Am I going to plummet from the edge of oblivion? Hell no, are you kidding me!


We had to option to jump or be thrown and let’s just say I had to be thrown.

I’ve had to either be thrown or throw myself into most new adventures, because damn it if I’m not a big old chicken. But the thing about adventures is; it doesn’t matter how much you kick and scream before you do it, it only matters that you did it.


What was your latest adventure?


Best of luck.

Lessons Adulthood Taught Me

I’ve learned a lot of things in my adult life; how to apply for (and actually get) jobs, how to BS my way through classes, and sometimes learn, how to parallel park. It’s been a journey. It’s what this blog’s all about.

Here are a few lessons that have recently jumped out at me from their hiding places in my brain.


When trying to decide if you should buy something, walk away for a while, distract yourself with something else for a few minutes, hours, days. If you still want it, go for it.

Men’s shirts button the opposite way from women’s shirts.

It’s always a good idea to keep important items in your purse and/or car. I keep febreeze, tweezers, floss, deodorant, chapstick and (my favorite) a snack, usually nuts or granola, in my car. I have used all of it several times.


Boiling water can get candle wax out of fabric. Just dip the garment in the water in 15-20 second intervals until all traces are gone.

Rarely is it a good idea to completely wash something out of your life. Harsh cleansers pull all of the good oils out of skin, traditional shampoos do the same for hair, forever gut cleansing without a single french fry can hurt your soul, and cutting out a loved one entirely is a bold move, that should be given proper thought.

The general idea that money doesn’t matter is solid. However, money is always going to be needed in exchange for goods and services. So, hope to win the lottery  or marry rich all you want but maybe also have a backup plan in case you don’t.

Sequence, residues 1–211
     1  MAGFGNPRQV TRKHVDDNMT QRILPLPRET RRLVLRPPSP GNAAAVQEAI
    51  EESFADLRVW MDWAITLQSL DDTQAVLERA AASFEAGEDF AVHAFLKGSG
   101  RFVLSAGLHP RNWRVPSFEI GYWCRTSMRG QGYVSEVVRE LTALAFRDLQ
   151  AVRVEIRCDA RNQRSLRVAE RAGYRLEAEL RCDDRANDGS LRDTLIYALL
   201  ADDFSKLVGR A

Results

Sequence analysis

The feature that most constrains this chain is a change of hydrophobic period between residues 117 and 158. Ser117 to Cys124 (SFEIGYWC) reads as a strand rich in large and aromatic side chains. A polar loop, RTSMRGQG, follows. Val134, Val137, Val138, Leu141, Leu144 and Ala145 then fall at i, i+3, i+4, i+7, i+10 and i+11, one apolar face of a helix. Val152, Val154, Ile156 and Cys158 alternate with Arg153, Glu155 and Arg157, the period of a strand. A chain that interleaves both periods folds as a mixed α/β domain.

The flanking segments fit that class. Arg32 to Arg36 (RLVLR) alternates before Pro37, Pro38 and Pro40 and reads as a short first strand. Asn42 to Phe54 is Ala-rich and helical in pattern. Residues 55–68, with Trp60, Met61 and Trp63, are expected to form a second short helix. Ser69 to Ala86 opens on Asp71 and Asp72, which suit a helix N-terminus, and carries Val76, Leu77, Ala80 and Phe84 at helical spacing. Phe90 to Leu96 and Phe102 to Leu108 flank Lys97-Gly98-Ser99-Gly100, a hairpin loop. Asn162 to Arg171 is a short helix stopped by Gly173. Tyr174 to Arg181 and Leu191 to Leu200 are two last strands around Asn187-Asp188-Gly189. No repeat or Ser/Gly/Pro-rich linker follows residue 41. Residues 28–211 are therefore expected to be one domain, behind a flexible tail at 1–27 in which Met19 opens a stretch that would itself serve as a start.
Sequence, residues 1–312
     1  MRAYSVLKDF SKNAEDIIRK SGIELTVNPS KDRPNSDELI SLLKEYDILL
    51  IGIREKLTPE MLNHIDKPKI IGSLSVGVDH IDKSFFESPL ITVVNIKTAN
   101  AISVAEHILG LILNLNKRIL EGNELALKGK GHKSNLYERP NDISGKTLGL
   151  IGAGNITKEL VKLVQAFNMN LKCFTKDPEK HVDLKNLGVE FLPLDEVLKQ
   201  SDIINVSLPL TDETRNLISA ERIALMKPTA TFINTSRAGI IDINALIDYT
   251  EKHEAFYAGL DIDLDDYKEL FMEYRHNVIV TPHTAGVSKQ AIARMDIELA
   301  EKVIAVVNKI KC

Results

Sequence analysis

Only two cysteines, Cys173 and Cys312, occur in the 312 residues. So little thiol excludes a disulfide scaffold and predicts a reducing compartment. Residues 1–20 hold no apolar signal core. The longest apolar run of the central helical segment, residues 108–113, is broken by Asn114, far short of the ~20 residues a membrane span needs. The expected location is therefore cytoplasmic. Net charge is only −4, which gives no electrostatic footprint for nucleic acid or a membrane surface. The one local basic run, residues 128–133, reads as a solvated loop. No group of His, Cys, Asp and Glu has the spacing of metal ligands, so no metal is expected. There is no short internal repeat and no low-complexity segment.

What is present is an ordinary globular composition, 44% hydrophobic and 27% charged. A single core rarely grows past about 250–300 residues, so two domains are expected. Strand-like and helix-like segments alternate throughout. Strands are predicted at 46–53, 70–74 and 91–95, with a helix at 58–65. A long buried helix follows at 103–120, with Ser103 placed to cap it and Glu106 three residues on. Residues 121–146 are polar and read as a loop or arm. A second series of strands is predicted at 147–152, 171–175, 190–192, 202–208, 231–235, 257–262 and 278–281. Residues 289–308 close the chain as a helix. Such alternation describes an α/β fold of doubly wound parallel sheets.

The amount that virginity matters depends on the virginity holder. No one else.

If you are worried about health issues, WebMD will destroy you. Go to a doctor, ask the professional. Because chances are it’s not cancer but even if it is, I’d want to hear it from the doctor, not Dr. MacBook.

Try not to hurt the people who always love you. Try not to love the people who always hurt you.

If you dislike something and need a situation to change, talk to the person/people who can change it. Have I ever been passive aggressive? Absolutely not. Ok maybe a few hundred times. But, as I get older, I feel more and more like there ain’t no time for that sh**.


Best of luck!

Patience for Dummies

A Moment of Patience in a Moment of Anger Saves You a Hundred Moments of Regret (1)

I have a temper.

A road raged, frustrated on hold with customer service, heart banging, head pounding sort of temper. A making up entirely new curse words, throwing things, biting my tongue to avoid a yelling match sort of temper. A kaboom, bam, pow, did I just tear my own hair out for betraying me, sort of temper.

I’d like to think I’ve gotten better over the years, but I’ve got a long way to go. I suppose it’s all about pausing to breathe and thinking about your words and actions before saying them, rather than seeing red for a while and coming back to a list of apologies to make.

Anyone else out there have a hot temper (or know someone with one)?